Alex Rodriguez, who has two years of experience as a T1 associate, says, “desirable shifts, which tend to be weekday mornings, are gone lightning fast, often leaving only ‘undesirable shifts,’ which tend to be weekday evenings/nights and weekends. Flex employees have to remember they are competing with other fellow flex workers for available shifts, and many flex employees have a system to be logged in and ready at the very second shifts are made available, so keep this in mind if you are considering flex.”

However, you’re also able to cancel without penalty up to 24 hours before your shift starts, so if more shifts become available, you can swap. Alex adds that “during exceptionally slow periods, where work is limited and hence available shifts are limited as well, management will excuse any penalty points you may accrue from not being able to snap up any shifts or working your required weekly hours. Even so, keep in mind that while your points may be excused, you will not be getting paid for any non-worked shifts.

James echoes this, saying, “I can't speak for everywhere but my building is really, really forgiving when it comes to the 24 hour period and people not getting the shifts they need/are able to work. It might be because we've been undergoing construction for several months now, but I know they're forgiving points if the work isn't there.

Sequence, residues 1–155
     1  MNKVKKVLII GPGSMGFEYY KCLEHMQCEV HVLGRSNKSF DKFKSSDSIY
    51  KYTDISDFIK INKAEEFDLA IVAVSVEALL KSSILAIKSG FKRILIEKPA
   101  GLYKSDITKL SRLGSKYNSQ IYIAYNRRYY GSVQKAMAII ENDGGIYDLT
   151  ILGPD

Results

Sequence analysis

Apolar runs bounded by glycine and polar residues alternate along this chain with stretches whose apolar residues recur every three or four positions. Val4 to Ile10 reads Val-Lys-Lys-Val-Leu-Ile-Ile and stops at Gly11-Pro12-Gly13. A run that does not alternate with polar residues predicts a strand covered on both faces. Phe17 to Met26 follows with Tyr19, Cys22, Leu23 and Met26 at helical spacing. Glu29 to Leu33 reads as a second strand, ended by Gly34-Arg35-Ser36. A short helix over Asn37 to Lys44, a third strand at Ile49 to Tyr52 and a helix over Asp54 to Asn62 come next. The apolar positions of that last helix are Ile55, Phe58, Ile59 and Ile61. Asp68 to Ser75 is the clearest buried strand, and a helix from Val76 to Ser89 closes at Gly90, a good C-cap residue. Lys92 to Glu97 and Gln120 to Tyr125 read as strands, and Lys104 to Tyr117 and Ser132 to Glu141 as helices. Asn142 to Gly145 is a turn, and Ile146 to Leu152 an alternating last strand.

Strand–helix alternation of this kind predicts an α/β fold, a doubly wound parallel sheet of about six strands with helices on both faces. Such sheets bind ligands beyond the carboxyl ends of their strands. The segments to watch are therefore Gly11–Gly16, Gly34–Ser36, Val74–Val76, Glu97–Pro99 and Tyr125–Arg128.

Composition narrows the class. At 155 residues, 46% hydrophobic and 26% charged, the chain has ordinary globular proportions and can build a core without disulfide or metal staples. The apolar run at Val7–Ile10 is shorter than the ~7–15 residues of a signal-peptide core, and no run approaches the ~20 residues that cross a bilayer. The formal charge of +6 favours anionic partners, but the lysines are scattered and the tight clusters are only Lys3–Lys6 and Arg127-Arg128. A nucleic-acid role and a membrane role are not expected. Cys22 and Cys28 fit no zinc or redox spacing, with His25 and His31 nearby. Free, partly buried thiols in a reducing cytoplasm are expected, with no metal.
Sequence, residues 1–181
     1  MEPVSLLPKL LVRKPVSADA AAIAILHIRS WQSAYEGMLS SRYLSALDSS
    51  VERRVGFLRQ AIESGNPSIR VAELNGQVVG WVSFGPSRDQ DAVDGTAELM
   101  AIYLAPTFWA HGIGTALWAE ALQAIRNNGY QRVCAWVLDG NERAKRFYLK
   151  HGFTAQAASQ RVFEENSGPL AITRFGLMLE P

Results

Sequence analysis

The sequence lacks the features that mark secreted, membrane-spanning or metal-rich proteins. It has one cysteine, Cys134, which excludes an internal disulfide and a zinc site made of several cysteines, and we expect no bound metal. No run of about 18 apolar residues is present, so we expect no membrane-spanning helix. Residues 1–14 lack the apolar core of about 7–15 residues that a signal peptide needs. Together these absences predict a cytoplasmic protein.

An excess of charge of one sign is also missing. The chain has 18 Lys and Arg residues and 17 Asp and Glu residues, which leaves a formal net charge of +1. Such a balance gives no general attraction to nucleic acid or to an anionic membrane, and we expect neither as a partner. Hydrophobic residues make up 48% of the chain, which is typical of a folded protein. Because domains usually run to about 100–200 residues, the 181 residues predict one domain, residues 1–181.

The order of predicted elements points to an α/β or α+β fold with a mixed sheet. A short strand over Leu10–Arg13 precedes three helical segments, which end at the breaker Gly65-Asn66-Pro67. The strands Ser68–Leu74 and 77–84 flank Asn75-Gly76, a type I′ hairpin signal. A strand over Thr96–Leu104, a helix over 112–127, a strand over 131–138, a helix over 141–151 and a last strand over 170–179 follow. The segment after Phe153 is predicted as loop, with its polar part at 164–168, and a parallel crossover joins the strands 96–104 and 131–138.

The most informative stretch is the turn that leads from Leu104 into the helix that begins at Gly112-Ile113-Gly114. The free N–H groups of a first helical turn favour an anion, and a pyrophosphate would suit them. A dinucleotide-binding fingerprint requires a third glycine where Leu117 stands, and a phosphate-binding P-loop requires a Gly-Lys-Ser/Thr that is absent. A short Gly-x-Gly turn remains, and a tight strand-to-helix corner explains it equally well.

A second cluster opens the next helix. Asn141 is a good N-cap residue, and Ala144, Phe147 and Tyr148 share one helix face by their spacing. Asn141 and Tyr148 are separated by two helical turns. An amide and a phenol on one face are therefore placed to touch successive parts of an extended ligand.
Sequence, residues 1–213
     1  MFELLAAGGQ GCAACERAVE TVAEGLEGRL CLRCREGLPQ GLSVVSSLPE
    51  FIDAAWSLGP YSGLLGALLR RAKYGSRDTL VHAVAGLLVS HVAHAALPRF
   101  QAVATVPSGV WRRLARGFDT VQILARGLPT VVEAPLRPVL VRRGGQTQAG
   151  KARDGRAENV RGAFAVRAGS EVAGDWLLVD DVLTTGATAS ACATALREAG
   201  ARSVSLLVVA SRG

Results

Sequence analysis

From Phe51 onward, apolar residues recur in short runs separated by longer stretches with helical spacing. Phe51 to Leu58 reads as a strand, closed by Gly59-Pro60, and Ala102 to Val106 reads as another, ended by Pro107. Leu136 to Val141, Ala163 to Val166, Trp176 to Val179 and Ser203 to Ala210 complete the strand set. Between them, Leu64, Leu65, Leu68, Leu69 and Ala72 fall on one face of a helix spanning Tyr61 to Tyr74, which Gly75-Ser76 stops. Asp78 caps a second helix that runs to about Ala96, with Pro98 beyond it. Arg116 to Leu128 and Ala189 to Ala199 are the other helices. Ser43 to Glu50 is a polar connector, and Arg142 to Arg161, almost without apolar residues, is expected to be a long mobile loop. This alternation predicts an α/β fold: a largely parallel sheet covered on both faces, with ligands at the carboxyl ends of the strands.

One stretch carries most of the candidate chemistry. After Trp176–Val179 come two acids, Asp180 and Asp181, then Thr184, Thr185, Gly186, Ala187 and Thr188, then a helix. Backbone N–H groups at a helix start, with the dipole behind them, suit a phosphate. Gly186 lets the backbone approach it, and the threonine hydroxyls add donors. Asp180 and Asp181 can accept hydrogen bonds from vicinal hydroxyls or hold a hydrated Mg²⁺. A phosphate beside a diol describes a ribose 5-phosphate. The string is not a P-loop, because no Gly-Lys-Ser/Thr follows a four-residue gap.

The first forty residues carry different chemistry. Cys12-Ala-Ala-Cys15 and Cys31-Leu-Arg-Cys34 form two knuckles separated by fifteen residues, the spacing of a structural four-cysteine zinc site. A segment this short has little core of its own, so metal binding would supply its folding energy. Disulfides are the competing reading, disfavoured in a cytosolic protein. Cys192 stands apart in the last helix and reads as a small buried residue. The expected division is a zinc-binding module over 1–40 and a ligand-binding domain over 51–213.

Before we go any further: throughout this post, we’re going to be using the words “shift” and “schedule” interchangeably. 

How do flexible shifts work?

When you apply to Amazon warehouse jobs, you have three options: apply to a job with a fixed schedule, apply to a job with a flexible schedule, and apply to a job that has a combination of fixed and flexible shifts.

As a flexible schedule worker, you’ll be required to work for at least 4 or 30 hours every week, depending on the job you apply to. But beyond that, you can pick how much and when you work (within reason and depending on shift availability). 

You also have the option of canceling shifts up to 24 hours in advance without facing any penalties.

Fixed schedules workers are stuck with the schedule that they applied to, unless your manager lets you switch shifts or you apply to another position within Amazon. That said, you can usually take on additional shifts, called voluntary extra time (VET), with the same rules and flexibility as those on a flex schedule. You can also choose to take time off without pay, called voluntary time off (VTO).